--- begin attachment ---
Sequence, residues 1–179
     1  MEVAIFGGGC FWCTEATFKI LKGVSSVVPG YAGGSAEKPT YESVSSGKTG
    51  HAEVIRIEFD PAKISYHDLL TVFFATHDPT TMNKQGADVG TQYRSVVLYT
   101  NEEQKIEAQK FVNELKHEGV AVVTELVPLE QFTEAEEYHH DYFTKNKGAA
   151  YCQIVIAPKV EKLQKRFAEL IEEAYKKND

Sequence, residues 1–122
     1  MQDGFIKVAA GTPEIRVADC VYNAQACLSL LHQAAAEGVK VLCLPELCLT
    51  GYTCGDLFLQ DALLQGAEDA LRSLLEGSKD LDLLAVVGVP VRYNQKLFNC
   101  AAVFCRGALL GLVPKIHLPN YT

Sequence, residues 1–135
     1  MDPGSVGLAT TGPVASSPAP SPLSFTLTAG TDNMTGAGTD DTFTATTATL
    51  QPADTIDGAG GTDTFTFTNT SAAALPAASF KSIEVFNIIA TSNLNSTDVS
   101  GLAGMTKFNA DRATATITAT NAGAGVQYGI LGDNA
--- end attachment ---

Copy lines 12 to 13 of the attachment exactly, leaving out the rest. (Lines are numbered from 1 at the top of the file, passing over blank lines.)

    51  QPADTIDGAG GTDTFTFTNT SAAALPAASF KSIEVFNIIA TSNLNSTDVS
   101  GLAGMTKFNA DRATATITAT NAGAGVQYGI LGDNA